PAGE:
If within your sales projections you assumed that you will be undertaking paid work for 80% of the time during your high months, give your reasoning for this.
Where the business sells its services by the hour, give details of how the hourly rate has been arrived at and why you feel you can achieve these figures.
Give brief information for each heading included within the cash flow on a separate sheet.
It is important to revisit your cash flow forecast each month and compare your projected figures with the actual figures; this will give you management information to enable you to make informed decisions about your business.
Some businesses find it particularly useful to provide an additional column in the cash flow forecast to reflect the actual income and costs as each month has been completed, this will provide a visual indication to compare and an opportunity to assess ‘variances’ between budget (forecasts) and actuals, thus providing an opportunity to make decisions and exercise effective control of the business.
Question: Why do I need to review my cash flow forecast on a regular basis.
It is essential when running the business that you update the cashflow regularly and complete it with the actual figures achieved. This should provide you with information as to the actual amount of cash retained in the business as opposed to projected cash amounts, and will also allow you to measure your progress in the business, comparing how you thought the business would do with how it is doing in reality.
This comparison helps you to see if your income projection is actually being achieved and whether your expenses are at a level that you anticipated they would be.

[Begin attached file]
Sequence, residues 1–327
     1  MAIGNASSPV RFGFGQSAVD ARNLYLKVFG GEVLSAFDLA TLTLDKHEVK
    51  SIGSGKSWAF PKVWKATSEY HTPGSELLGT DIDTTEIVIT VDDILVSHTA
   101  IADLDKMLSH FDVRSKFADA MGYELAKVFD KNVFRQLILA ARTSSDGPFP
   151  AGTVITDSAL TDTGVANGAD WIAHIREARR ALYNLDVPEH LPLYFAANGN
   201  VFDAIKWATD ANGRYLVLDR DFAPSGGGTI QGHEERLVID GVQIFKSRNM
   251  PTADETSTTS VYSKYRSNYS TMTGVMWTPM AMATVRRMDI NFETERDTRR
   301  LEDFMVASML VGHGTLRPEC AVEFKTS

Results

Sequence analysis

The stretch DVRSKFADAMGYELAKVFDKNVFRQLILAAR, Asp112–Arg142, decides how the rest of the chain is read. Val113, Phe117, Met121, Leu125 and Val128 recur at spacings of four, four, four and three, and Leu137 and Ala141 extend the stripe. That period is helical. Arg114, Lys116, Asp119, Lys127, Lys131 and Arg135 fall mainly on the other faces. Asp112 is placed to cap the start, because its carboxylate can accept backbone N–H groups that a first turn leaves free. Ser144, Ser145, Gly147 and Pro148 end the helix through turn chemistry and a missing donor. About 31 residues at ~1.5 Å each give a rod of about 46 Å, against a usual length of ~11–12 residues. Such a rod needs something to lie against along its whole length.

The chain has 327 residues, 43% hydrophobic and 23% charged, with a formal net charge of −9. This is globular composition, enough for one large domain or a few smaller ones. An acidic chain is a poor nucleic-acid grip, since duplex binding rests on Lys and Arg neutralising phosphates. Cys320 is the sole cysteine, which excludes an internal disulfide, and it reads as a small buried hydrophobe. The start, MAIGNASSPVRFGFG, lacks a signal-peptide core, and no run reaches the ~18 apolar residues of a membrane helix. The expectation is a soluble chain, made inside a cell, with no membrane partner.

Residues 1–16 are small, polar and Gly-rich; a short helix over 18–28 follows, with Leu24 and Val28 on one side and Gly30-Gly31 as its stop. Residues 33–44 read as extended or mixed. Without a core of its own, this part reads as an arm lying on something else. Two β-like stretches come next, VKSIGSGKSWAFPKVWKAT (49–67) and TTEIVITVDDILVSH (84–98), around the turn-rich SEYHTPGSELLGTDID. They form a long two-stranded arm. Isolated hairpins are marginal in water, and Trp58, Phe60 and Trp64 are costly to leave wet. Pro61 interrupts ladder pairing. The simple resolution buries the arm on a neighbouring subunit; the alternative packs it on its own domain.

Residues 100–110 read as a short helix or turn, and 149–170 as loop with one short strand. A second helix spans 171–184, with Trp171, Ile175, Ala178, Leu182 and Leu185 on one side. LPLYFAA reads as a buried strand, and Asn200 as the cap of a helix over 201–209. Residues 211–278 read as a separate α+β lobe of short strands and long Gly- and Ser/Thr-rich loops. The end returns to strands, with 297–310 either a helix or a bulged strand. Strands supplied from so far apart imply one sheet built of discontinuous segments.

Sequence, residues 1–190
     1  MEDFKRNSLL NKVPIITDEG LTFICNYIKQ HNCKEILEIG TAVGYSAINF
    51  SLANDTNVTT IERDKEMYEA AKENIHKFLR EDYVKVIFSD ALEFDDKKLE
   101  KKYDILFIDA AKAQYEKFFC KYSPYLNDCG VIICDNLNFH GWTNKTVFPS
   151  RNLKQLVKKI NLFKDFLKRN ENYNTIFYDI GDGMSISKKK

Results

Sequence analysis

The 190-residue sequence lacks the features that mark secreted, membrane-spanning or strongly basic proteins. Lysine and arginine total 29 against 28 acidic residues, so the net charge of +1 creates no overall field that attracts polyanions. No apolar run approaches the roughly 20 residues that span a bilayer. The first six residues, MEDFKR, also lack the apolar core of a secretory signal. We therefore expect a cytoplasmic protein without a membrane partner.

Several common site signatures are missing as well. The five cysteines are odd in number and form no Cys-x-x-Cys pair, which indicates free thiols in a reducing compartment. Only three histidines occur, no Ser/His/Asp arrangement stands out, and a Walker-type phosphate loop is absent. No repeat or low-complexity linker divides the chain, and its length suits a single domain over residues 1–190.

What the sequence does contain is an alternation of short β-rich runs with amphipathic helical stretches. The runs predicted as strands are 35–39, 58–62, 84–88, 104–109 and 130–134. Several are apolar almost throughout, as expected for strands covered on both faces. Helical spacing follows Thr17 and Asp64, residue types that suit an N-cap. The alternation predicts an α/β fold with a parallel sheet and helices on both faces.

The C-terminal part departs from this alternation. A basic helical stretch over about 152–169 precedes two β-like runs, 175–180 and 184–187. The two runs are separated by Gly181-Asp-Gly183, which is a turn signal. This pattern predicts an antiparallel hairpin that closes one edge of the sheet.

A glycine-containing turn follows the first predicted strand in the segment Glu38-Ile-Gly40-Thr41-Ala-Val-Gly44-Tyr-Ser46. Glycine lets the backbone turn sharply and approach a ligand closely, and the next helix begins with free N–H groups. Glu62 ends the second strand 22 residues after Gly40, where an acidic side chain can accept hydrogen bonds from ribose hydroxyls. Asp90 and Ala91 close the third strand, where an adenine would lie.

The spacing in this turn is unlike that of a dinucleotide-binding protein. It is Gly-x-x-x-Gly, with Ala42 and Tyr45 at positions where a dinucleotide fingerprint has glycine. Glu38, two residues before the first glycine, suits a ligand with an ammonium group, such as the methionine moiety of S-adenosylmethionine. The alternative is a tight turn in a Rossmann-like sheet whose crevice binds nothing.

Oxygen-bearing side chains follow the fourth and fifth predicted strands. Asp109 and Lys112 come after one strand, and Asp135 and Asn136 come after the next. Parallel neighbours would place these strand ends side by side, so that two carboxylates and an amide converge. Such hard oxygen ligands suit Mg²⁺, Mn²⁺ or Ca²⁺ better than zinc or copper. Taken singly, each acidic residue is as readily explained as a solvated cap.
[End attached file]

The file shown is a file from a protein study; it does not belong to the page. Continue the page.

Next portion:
Question: What is a sensitivity analysis and why is it useful?
Producing a sensitivity analysis to go with your cash flow can help you to consider ‘what ifs’ and the impact they could have on your forecast.
If your sales were to drop by 20% but your running expenses were to stay the same you would need to know what impact this could have on the business. We think you will be surprised at the impact a 20% reduction in income will have on your bottom line!
A template will be available soon, in the meantime please contact your local Business Advice Centre for support.
Question: Who needs to see the cash flow in addition to the owners of the business and key staff?
The cash flow is an essential tool for you to use but you may also find that your Bank Manager needs to see it before they can provide you with a bank account.
Finance providers will need to see your financial forecasts before they will agree to invest in you business.
When looking to take on premises the landlord will also quite often want to see your cash flow forecast.
This list is not exhaustive but demonstrates of the type of people who may wish to see this information.